Lee: Right.

Bun B: Like, in I would say maybe 50, 60 years. And so we're all comin' to terms with the fact of what America really, truly looks like.

Lee: Not what it says it looks like. Not what it says it is. What it actually looks like.

Bun B: Yeah, absolutely.

Lee: You know, I want to ask you this. So you're so associated with Texas and Houston in particular, but you're originally from Port Arthur, 90 minutes away from Houston.

Bun B: Yes.

Lee: And I wonder how growin' up in that much smaller city shaped not just your music but your politics and your world view and how you arrived at this moment, right? You're not just an artist, but you're also an activist.

Bun B: Growing up in Port Arthur, there was this proximity to racism, right, that is never really deeply discussed but it's always understood. So you take Port Arthur and let's say that I want to go from Port Arthur, Texas to the state of Louisiana. In order to get from Port Arthur to the state line, which is really only about 20, 30 minutes away from Port Arthur, I have to go through two towns that have absolutely no minorities.

Lee: Zero.

Bun B: Zero minorities. This is today, right now, in 2020.

Lee: That doesn't happen by accident, right? That doesn't just (LAUGH) grow like that.

Bun B: No, no. No. And so the very first town you encounter leaving Port Arthur on the short route, right? There's a longer route through Beaumont, but you still end up going through one of these towns. But the quickest way, right, is to go over a bridge into a town called Bridge City. And growing up, you've always been told, "Before you leave Port Arthur, make sure you have gas. Make sure you have food, snacks, whatever you need. But under no circumstances should you stop in Bridge City."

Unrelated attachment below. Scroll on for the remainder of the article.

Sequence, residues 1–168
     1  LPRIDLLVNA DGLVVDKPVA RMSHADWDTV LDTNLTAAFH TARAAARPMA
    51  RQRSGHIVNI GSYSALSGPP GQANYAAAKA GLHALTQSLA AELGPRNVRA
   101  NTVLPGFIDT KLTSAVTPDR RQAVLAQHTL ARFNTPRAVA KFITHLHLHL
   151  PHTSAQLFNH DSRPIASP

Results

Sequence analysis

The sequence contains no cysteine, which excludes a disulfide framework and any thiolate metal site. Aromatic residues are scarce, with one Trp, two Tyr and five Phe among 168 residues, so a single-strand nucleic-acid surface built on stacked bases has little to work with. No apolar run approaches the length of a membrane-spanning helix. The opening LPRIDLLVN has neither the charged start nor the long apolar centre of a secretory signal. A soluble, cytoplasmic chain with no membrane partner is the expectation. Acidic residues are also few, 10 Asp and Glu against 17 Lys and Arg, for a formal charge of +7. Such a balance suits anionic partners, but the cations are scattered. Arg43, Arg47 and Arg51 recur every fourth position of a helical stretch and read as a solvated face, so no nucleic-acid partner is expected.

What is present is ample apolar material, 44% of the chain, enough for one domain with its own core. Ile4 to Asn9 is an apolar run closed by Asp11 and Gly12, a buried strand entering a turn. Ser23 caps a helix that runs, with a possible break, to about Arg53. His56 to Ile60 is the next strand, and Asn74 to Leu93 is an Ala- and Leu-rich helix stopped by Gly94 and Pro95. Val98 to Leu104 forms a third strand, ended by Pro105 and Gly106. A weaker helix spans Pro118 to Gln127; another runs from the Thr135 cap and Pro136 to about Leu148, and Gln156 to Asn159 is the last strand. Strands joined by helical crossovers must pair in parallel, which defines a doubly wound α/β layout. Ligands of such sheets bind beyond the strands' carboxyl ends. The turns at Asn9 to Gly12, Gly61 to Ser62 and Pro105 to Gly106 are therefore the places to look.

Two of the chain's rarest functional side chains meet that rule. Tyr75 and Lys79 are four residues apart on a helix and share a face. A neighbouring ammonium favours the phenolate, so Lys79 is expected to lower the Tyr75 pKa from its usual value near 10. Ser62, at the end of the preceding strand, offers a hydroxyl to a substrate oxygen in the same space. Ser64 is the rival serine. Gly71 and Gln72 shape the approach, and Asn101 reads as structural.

Lee: "Don't do it."

Bun B: "Don't do it." And it would be frustrating because Bridge City actually had cheaper gas (LAUGH) consistently.

Lee: Its appeal is like, "Should I do it? Nah, man. Keep goin'." (LAUGH)

Bun B: Right. And then the other town is Vidor, Texas, which, you know, many people learn about Vidor from Oprah, James Byrd and these type of things. So it was always present, right? Also, economic opportunities for people of color in the town I grew up in were very small, right?

'Cause it's basically a refinery town. The world's largest oil refinery is in Port Arthur, Texas. And so if you don't work for the refineries or work for companies that sustain the refinery, you don't really have good employment, right? I mean, obviously there's doctors, there's lawyers, things like that, accountants or whatnot.

But for the average working class person, right, if you live in Port Arthur, that's your thing, is to try to get a job in the refineries or to become an athlete. Like, being a musician prior to me becoming a recording artist wasn't an option. Like, there is no music scene in Port Arthur, right?

And so coming from this small town teaches you how to deal with adversity. That's the first thing, right? How to deal with adversity in terms of your everyday condition in the city, right? Many people in that town are probably slightly above the poverty level.

And so dealing with adversity, making ends meet, learning how to survive, not backing down from people, all of that comes from growing up in that small town. But once you're in a position to actually escape those circumstances, right, you feel compelled to reach back. You feel compelled to try to show people a way out, right?

Now, everyone from Port Arthur has a very, very strong sense of pride. So if you look at, you know, a Stephen Jackson, NBA player, he's from Port Arthur and has a very strong sense of pride about being from that city. And that comes with that city because you have to be tough to exist in that city, right?